Basically, the New York Times Paywall, which has been in planning for a year, allows 20 visits per person per month. Once you exceed that, you will see a pop-up message that asks you to subscribe. Those who have Kindle subscriptions to the NYT, or print subscriptions, will have unlimited access. It's unclear if the NOOK (Barnes and Noble) has the same access; the Kindle access was only announced on Monday along with the erection of the paywall.
Simply stated, the subscription fees are as follows:
- $15 for four weeks of access to NYTimes.com and a mobile phone app.
- $20 for four weeks of access to NYTimes.com and its iPad app.
- $35 for four weeks of access to all of the above.
Once again, end users do not run up against the paywall until they reach 20 articles in a month. Even then, there are a series of ways around it.
For one, Facebook and Twitter links to NYT stories can be used on an unlimited basis. That means if a Tweet, for example, links to a New York Times story, there will be no issue reaching the site.
Secondly, those using links provided by search engines (limited to Google, Bing, AOL, Yahoo and Ask) can access five articles per day that way. That is five articles per search engine, for a total of 25.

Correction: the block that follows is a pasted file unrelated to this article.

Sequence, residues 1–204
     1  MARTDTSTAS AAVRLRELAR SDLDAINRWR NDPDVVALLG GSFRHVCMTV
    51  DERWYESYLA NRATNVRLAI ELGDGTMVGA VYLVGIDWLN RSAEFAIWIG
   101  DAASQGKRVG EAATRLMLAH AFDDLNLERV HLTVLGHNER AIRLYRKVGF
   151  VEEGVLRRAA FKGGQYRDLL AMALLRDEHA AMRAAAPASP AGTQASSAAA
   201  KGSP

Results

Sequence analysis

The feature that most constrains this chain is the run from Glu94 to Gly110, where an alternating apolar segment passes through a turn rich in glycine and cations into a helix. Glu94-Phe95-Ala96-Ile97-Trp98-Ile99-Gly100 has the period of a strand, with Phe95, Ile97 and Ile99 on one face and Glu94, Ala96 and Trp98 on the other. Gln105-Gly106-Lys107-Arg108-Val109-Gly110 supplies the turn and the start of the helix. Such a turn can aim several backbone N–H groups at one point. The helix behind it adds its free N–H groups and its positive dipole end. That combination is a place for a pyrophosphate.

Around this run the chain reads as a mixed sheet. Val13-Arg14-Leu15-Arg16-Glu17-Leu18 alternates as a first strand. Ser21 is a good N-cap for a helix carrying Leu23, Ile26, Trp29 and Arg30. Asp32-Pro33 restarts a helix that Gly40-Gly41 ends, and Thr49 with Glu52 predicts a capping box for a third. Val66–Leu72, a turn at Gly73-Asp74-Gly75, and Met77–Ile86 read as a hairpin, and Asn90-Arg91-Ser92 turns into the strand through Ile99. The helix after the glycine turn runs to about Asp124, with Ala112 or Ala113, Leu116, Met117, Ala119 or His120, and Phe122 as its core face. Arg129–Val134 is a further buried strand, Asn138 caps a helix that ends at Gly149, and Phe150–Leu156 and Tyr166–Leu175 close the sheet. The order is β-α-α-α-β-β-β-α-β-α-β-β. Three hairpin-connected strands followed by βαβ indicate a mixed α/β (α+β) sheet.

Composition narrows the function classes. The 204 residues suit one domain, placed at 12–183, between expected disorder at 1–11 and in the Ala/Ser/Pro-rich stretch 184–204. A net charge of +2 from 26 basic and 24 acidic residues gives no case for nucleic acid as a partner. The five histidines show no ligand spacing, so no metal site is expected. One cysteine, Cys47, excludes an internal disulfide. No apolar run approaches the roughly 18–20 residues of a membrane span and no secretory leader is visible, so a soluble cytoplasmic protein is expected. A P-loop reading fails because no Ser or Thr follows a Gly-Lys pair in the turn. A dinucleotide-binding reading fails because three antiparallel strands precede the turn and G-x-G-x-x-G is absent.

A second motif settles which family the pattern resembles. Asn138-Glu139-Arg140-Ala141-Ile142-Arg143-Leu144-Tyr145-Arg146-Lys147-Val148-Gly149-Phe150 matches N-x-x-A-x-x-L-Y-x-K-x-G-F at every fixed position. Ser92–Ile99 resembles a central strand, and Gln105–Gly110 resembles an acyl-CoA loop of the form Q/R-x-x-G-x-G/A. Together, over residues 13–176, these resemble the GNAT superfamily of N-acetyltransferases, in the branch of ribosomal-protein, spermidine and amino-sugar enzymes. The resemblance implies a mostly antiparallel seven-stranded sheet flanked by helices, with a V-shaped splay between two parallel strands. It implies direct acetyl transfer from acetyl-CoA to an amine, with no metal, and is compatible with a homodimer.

Next, there is a bookmarklet called NYTClean, that enables those who reach the limit to bypass it. Simply drag the bookmarket into your bookmarks bar in your browser, and if you see the popup requesting you to sign up for a subscription, click it. You will have access to the story.
Finally, if you see the popup requesting you to sign up for the story, you will also notice something strange about the URL. The URL for the story will have a trailing bit of text, that says "&gwh='a bunch of characters.'" Remove that string, and you will be able to access the story, just as with NYTClean.
The New York Times paywall was erected mostly to rein in those who aren't casual users, but daily visitors. Some of the more obscure holes in the paywall may, or may not, remain after some period of time, but they are there for now.
Image source: NYT after reaching the limit